This idea is so important to you and me. To all parents. It reminds us of the lasting effects of extinguishing natural behaviors in children.
Think about this. There isn’t a parent among us who doesn’t understand a baby’s or young child’s need to explore and play. But something happens as children grow, and many parents seem to forget what they knew before. They begin imposing rules, restrictions, guidelines and boundaries. Children are asked to sit still. And often they’re asked not to talk so much. And what was alright for tiny children is no longer alright for bigger kids.
In our culture, generally, about the time when school starts up, is when adults begin telling children to shut down.
So much research exists about the need for play. Experts have cautioned against taking away from children this very important developmental need. Preserving childhood exuberance — that resilience and ability to bounce back – really is linked to that freedom. Freedom to play, freedom to explore, freedom to develop ones own natural curiosity about the world. The practice of sitting children down removes the freedom to play. The act of silencing children takes away a method of expression. And this has been linked to extinguishing their natural resilience. Caused in large part by the very people who love them most.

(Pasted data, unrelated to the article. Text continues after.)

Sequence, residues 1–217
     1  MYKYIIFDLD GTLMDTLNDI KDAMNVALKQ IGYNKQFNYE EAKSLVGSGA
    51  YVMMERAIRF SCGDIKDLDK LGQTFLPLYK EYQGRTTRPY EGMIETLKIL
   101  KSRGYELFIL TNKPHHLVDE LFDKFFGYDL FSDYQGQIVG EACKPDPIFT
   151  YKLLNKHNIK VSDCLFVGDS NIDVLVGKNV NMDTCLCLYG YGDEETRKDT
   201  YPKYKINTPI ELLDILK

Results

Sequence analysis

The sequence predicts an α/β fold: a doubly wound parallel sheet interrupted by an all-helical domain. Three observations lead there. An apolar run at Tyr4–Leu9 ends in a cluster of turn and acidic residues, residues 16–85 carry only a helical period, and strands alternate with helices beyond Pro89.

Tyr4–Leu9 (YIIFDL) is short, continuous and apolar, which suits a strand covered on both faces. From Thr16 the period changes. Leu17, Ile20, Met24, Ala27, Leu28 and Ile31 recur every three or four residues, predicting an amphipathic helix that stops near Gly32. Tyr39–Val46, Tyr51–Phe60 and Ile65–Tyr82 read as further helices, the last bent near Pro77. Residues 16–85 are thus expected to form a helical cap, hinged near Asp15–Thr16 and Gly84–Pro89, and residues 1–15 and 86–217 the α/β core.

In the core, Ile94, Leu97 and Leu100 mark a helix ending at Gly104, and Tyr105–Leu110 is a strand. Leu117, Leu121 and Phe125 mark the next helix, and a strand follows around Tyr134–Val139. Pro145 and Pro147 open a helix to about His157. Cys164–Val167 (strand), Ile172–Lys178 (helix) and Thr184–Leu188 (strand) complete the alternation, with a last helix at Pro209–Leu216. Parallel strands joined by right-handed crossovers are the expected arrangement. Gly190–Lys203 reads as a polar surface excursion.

Dr. Walter Drew, Founder of the Institute for Self Active Education has said, “children’s spontaneous, creative self-expression increases their sense of competence and well-being now and into adulthood,” (source) and, “play builds self-esteem and a sense of personal power” (source). The importance of play is recognized world-wide, even included in the United Nations Convention on the Rights of the Child, which includes a section about preserving a child’s right to do it (source).
As we schedule our children and go about our daily maneuvers, as we guide our kids and determine the exact level of freedom we will allow them to have, let us always remember to include time for their all-important need for play. For all ages, too — not just the very young. High schoolers and college students haven’t forgotten how to play. Middle schoolers haven’t either. Thus time for play must be prioritized for children of all ages, allowing that natural development to occur. By doing so, that natural exuberance — that wonderful childhool resilience – may continue to strengthen throughout the years. So that our grown children have retained that important ability to deal with the emotions and stressors of their adult lives.
The Serious Need for Play (Scientific American)
The Importance of Play in Promoting Healthy Child Development and Maintaining Strong Parent-Child Bond (American Academy of Pediatrics)
Play, Play, and Play Some More: Let Children Be the Animals They Have the Right to Be and Play (Psychology Today)
The Wild Ones (Howard Chudakoff of Greater Good Magazine)
The Lost Art of Play (from Education dot com)
[This photo of Ladybird Johnson is available from Flickr Commons]